No deterioration of the plastocyanin electrochemical response is evident even after sonicating the modification electrode for 90 minutes. Parallel investigations with ESCA confirm the incorporation of Cr (and N) as further shown in FIG. 1(B). The Cr2p intensity (relative to carbon) is typically consistent with a surface coverage of ca. 10%.
The surface coverage of Cr with respect to C was calculated from the attenuation of photoelectron flux with depth expected for an overlayer of chromium-oxygen, formed on an array of carbon-oxygen groups, at a periodic "edge" lattice structure. An analysis, using estimated ESCA cross sections and mean free paths, was used to derive the approximate coverage.
Control experiments show that restricting potential cycling to the region positive of -1000 mv, or cycling in aqueous ammonia alone, gives only an impersistent and rather irreversible plastocyanin response, similar to that obtained for a routinely polished electrode, as shown in FIG. 2(A). The corresponding ESCA spectra, as shown in FIG. 2(B) accordingly shows neglible incorporation of Cr, although there is a small amount of N, most likely representing adsorbed NH3.
The potential threshold for Cr modification, as judged by ESCA and plastocyanin electrochemical activity, lies in the region of -1000 mV vs. SCE. This is close to reported values of the polarographic reduction potential for Cr(NH3)6 3+ and corresponds with the appearance of a small cathodic peak at ca. -1050 mV in the reduction cycle. It is believed that reduction of Cr(NH3)6 3+ produces labile Cr(II) species, a proportion of which coordinate to surface carbon-oxygen functional groups and undergo rapid reoxidation in view of the observed stability of the surface complexes, it is likely that two or more Cr--O (surface) bonds are involved. The complexes are thus comparable to those implicated in chrome tanning and dyestuffs technology and in chromium polymer derivations of semiconductor surfaces.
As stated above, plastocyanins (MW 10500) from higher plants, transport electrons between photosystems II and I. As a consequence of the significant overall (and conservatively localised) negative charge, physiological and electrochemical activity is highly sensitive to coulombic interactions. Even with low background electrolyte levels, (e.g. 5 mM HEPES 0 1 mM KCl), the chromium-modified electrode is active toward plastocyanin. By contrast, examination of cytochrome c electrochemistry shows clearly marked inhibition of heterogeneous electron transfer as compared with the unmodified edge surface. The response at the Cr-modified electrode is thus consistent with the surface bearing positively charged domains which function to promote reversible binding of plastocyanin prior to electron transfer.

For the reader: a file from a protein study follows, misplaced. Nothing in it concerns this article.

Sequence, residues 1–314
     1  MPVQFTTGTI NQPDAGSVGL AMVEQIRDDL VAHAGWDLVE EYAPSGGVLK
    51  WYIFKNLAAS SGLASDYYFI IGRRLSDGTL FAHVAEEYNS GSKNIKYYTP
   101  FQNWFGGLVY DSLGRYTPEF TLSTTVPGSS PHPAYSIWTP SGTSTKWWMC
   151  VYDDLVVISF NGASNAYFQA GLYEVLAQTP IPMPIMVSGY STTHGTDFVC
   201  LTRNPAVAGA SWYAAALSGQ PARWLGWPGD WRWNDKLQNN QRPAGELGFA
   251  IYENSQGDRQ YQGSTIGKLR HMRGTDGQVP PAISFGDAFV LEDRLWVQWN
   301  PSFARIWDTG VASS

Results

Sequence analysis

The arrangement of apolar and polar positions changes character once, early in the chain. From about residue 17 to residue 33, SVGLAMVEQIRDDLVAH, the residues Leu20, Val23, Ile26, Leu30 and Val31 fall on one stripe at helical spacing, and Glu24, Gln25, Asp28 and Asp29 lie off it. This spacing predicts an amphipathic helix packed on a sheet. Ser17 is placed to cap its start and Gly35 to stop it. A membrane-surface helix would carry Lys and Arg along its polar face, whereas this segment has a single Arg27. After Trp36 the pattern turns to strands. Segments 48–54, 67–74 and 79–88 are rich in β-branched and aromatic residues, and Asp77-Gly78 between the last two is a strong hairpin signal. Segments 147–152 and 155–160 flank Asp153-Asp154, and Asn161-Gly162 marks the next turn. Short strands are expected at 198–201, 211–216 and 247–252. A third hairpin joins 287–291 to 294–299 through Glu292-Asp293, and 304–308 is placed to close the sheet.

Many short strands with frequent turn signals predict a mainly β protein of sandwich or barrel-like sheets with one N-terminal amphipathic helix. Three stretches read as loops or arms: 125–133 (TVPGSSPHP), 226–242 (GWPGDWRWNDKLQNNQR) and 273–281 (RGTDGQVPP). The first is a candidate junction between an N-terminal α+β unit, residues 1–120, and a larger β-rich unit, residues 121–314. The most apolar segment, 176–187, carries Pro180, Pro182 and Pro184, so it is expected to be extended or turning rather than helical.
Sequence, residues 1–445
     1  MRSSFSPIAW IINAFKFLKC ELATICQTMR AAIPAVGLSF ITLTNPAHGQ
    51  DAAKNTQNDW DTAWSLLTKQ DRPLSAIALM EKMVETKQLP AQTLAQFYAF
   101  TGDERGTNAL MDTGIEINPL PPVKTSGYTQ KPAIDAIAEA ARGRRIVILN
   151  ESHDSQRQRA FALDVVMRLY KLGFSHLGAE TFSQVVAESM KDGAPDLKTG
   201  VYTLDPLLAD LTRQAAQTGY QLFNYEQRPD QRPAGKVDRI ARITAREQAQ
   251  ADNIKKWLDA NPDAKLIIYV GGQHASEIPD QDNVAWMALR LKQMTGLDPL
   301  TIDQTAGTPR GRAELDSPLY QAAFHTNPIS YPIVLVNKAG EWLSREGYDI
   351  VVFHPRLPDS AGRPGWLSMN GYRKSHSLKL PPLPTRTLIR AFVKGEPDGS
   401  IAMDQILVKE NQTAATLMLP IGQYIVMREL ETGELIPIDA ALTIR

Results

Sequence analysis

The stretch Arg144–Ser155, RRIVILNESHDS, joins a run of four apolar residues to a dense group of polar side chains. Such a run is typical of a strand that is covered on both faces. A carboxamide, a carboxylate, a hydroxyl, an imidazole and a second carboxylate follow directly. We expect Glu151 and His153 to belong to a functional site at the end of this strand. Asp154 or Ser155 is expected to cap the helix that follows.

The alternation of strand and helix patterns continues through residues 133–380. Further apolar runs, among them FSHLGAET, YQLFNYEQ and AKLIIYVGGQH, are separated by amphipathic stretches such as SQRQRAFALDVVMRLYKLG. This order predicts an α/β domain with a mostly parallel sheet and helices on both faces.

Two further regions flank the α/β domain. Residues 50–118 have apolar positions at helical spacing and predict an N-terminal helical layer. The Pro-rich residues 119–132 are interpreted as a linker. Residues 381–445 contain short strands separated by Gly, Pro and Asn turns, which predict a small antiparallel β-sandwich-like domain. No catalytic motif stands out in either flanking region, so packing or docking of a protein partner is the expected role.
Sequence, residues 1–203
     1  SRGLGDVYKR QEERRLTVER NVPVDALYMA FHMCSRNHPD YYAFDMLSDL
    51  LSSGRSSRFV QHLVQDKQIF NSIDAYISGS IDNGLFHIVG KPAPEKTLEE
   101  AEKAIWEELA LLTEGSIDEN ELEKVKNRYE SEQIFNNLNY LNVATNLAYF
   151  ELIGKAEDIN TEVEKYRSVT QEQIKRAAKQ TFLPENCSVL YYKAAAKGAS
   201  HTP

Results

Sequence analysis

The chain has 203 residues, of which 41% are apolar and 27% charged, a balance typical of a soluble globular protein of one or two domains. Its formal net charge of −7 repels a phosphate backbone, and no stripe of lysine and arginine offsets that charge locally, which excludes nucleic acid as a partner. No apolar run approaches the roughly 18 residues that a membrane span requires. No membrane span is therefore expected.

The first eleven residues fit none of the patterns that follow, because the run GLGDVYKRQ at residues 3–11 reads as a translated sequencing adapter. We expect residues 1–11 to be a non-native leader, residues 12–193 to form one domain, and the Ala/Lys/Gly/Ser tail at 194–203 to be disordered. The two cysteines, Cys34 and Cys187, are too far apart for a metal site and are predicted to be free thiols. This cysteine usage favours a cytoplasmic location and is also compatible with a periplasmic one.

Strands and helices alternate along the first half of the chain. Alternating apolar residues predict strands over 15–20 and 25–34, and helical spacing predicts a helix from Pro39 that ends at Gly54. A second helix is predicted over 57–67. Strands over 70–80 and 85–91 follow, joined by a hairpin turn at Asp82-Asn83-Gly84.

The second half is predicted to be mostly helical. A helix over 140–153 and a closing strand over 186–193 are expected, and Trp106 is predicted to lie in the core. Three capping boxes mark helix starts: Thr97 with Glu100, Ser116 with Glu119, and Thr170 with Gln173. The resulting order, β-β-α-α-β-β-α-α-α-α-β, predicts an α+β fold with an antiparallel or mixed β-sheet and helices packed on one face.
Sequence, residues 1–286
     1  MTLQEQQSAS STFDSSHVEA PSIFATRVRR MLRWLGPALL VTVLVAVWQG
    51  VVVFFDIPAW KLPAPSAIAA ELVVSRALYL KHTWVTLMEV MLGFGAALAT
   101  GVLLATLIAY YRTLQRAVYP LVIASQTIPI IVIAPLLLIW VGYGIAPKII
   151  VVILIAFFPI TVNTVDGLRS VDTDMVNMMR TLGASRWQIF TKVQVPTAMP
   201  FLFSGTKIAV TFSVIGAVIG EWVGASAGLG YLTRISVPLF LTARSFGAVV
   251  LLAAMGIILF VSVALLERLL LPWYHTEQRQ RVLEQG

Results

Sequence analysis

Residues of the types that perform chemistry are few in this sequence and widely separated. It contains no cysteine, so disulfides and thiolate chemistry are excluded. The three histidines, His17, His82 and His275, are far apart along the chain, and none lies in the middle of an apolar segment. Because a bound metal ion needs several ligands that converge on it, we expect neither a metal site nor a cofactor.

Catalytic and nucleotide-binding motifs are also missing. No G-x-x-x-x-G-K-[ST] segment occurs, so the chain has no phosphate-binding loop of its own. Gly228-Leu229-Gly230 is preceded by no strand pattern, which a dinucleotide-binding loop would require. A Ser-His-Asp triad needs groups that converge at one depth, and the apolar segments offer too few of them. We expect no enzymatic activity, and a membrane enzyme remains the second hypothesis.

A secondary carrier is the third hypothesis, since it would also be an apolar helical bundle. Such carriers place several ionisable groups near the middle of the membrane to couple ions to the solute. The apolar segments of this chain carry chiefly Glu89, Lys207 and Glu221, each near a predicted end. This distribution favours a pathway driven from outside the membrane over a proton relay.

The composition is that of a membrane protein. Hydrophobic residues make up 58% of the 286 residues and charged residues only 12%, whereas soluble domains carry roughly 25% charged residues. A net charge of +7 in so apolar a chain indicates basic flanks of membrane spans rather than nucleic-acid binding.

TABLE 1__________________________________________________________________________Cyclic voltammetric and spectroscopic parameters formodified "edge" graphite.ESCA ANALYSIS__________________________________________________________________________ Treatment Standardised Intensity1SAMPLE Range C1S O1S__________________________________________________________________________MODIFIED Cycle or poise 7658(969) 2439(120) below -100 mV 8006 2190CONTROL Cycle or poise 7431 (969) 2084(719) in range -400 6484 1741 to -900 mVPOLISH -- 7742(969) 2574(720) 8178 2013__________________________________________________________________________ FARADAIC RESPONSE WITH PLASTOCYANINSAMPLE Surface3 E/p E1/2(NHE) (Band Energy2 /ev) Coverage (mV) (mV vs. NHE)__________________________________________________________________________(N1S Cr2p Scan 1(5)MODIFIED 160(852) 698(674, 664) ca. 10% 60(60) +387 137 763 60(60)CONTROL 74(853) n.d. 85(>120) 76 n.d.POLISH n.d. n.d. -- 100(>130) n.d. n.d.__________________________________________________________________________ 1 Band intensities were derived by integration of experimental data and are standardised for the number of scans and the width of scan. Prior to integration, background and satellite structure were substracted. All values are collected for the observed transmission characteristics of the electron emergy analyser. 2 Typical literature values: Cr2p 673,664 eV; N1S 849 eV 3 Scan rate 20 mV s-1